US Senate to Maintain Funding for Overseas Abortion, Population Reduction*
There… it couldn’t be clearer, abortion is a form of eugenics. The fewer people the easier it to control…
The U.S. foreign aid policy blocking funding for groups that perform or promote abortion overseas has long been a political football, alternately instated and rescinded by different presidential administrations. A recent effort to codify the restriction – known as the Mexico City Policy – into law hit a wall in a U.S. Senate committee last week.
Last year, the Republican Party took control of the Senate for the first time since 2007. When it came time to draft an appropriations bill on foreign operations, the Senators included language that would prohibit U.S. funding to groups overseas that perform or promote abortion. The bill also proposed a cap on funding for population reduction programs, which would reduce their annual allocation by almost $200 million. Funding to the controversial United Nations Population Fund (UNFPA) was cut due to its complicity in China’s one-child policy. The House of Representatives, also under Republican control, drafted a counterpart bill containing similar provisions.
At the appropriations hearing, Democratic Senator Jeanne Shaheen introduced an amendment that stripped the pro-life policy provisions from the bill, removed the funding cap on contraception, and restored funding to UNFPA. The Shaheen amendment passed by a 17-13 vote due to three defecting Republican senators – Mark Kirk of Illinois, Susan Collins of Maine, and Lisa Murkowski of Alaska.
Republican Senators will not likely bring this compromised bill to the floor for a vote, in which case the status quo will be maintained through a continuing resolution or an omnibus bill as it has been since President Obama took office.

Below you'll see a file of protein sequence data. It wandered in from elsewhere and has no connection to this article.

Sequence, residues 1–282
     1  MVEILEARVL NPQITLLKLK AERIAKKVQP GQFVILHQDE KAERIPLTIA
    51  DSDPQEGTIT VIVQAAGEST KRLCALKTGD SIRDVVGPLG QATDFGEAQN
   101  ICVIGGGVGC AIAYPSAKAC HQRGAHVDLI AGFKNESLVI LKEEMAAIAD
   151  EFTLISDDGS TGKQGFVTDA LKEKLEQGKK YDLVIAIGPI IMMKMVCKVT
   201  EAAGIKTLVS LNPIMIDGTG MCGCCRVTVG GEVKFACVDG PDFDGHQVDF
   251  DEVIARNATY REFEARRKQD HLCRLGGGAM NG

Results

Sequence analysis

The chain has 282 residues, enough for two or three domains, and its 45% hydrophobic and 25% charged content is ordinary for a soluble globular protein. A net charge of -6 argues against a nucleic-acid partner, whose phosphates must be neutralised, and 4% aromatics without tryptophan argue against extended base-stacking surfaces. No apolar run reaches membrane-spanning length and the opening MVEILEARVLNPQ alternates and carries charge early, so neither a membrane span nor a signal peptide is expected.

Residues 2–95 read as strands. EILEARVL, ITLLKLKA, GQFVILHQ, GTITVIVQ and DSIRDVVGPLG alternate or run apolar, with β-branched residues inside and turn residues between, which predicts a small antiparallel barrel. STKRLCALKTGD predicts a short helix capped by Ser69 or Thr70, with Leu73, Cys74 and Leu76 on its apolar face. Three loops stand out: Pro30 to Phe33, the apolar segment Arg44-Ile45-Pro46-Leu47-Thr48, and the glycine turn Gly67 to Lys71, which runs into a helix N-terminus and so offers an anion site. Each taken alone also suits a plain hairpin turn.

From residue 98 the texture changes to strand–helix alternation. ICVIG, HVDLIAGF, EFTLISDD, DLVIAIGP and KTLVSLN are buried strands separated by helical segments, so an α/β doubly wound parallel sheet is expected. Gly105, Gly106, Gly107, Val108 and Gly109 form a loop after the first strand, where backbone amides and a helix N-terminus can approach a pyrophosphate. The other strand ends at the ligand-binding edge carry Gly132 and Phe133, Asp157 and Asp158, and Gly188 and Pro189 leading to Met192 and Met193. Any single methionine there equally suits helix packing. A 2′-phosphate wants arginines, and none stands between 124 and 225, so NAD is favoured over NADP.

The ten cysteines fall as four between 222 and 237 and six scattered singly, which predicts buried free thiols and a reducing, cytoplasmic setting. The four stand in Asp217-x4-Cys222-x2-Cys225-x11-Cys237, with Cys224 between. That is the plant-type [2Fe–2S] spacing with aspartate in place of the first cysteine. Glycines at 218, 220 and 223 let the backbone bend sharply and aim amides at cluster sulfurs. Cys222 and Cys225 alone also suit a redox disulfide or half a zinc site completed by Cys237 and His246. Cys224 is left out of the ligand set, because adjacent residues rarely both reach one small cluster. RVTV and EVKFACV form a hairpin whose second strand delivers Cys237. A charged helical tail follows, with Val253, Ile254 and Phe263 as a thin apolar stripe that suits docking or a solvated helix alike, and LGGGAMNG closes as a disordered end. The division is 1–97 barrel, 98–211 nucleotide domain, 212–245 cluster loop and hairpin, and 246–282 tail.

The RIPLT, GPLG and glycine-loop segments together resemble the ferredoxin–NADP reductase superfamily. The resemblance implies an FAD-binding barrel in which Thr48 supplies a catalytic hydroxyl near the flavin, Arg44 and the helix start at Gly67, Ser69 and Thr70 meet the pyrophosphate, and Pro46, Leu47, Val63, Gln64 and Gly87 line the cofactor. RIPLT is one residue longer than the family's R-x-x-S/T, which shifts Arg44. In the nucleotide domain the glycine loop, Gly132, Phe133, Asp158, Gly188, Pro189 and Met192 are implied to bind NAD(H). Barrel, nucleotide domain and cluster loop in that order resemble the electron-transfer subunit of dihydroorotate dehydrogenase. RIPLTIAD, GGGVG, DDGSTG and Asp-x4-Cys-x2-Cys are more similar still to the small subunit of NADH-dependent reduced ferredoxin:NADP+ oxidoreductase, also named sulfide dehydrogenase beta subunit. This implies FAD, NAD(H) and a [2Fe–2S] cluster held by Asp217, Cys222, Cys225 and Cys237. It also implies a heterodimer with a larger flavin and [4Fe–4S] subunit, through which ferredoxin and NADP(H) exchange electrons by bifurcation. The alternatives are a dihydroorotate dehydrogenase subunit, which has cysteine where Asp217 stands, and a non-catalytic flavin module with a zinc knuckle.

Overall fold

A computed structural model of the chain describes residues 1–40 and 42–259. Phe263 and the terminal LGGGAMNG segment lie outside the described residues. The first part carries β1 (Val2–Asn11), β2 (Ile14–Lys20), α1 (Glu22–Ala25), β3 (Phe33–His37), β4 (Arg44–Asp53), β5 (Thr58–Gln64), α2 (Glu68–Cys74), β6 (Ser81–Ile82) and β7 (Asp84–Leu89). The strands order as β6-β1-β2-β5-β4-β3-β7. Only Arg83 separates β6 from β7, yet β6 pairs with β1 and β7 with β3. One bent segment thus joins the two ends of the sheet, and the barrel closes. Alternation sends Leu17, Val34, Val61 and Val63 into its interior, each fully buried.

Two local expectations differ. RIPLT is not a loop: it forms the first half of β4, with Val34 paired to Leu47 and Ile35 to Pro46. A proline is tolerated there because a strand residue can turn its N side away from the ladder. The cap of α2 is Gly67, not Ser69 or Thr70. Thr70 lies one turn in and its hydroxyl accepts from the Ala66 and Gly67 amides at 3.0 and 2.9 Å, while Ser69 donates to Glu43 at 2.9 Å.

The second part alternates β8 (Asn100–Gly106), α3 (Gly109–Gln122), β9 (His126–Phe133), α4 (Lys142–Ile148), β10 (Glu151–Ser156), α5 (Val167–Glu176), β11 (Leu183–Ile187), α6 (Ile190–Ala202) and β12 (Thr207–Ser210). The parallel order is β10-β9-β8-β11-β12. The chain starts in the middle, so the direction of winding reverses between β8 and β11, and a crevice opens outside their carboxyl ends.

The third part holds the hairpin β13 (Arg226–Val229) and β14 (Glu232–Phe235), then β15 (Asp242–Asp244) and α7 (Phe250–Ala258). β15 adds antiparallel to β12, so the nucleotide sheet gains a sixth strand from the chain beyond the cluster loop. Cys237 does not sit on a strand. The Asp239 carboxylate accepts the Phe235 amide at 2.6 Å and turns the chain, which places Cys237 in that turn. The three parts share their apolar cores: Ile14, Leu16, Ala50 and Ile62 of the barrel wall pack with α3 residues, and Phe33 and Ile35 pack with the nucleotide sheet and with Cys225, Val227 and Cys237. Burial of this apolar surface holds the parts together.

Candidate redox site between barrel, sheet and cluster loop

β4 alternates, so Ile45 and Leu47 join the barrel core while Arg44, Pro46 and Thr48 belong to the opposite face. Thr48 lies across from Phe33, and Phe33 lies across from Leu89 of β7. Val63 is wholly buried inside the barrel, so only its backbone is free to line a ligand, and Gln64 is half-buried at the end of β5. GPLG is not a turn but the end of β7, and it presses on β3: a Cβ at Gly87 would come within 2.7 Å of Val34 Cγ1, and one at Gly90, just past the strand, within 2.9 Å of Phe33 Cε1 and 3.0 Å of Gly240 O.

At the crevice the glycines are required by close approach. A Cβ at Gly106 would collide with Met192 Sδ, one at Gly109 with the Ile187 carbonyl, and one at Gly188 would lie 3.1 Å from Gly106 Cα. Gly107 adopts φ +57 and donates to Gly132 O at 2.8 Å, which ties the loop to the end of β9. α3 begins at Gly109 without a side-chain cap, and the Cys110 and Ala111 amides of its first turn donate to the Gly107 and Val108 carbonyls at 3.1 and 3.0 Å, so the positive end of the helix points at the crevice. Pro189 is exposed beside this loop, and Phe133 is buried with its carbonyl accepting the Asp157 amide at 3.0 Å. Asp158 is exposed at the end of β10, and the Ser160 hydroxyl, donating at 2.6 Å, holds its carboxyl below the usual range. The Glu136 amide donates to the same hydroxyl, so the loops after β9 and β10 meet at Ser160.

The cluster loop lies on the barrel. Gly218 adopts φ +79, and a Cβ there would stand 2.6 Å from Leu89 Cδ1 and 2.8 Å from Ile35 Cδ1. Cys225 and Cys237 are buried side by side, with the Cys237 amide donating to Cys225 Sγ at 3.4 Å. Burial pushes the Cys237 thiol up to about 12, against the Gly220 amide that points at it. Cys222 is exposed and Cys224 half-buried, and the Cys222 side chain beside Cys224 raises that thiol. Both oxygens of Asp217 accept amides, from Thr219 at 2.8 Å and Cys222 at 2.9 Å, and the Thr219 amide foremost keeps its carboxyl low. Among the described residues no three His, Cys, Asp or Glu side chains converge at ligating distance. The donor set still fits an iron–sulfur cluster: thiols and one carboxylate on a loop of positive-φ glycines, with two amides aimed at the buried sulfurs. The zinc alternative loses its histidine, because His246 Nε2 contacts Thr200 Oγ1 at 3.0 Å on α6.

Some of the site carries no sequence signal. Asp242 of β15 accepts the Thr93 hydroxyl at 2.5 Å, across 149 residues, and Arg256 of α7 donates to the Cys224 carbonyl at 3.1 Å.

The Mexico City Policy, first introduced under Republican President Ronald Reagan in 1984, has been enacted by executive order under subsequent Republican presidents and removed under Democratic administrations for three decades.
Direct foreign aid funding for abortions is prohibited by U.S. law under the Helms Amendment, which was adopted in 1973 and remains in effect. However, groups receiving U.S. aid can still perform and promote abortions provided they keep funding sources separate. By entirely blocking U.S. funding for abortion-promoting groups operating internationally, the Mexico City Policy provides additional pro-life protections.
In the committee mark-up Senator Shaheen, the recipient of $1 million in campaign money from abortion groups, cited a World Health Organization publication to argue that the Mexico City Policy led to increased abortions overseas. However, the 2011 study relied on indirect measures of abortion rates and employed a questionable method of grouping countries based on their “exposure” to the Mexico City policy.
Senator Lindsey Graham, ranking member for the State and Foreign Operations appropriations subcommittee, told his colleagues
“[The Senate bill] will not be accepted by the House,” he said.
Recognizing that an overwhelming number of Americans oppose funding abortions, Sen. Graham stated that the rescinding of the Mexico City policy “takes public tax-payer dollars in an area with most Americans do not wish it to go.”
Even in a Republican-controlled Congress, pro-life language in appropriations bills faces an uphill battle, since President Obama would likely veto any legislation containing it. Pro-life U.S. legislators have repeatedly attempted to permanently codify the Mexico City Policy provisions in law, even as pro-abortion legislators have attempted to permanently remove them, but without control of both chambers of Congress as well as the Presidency, neither side is likely to claim an outright victory.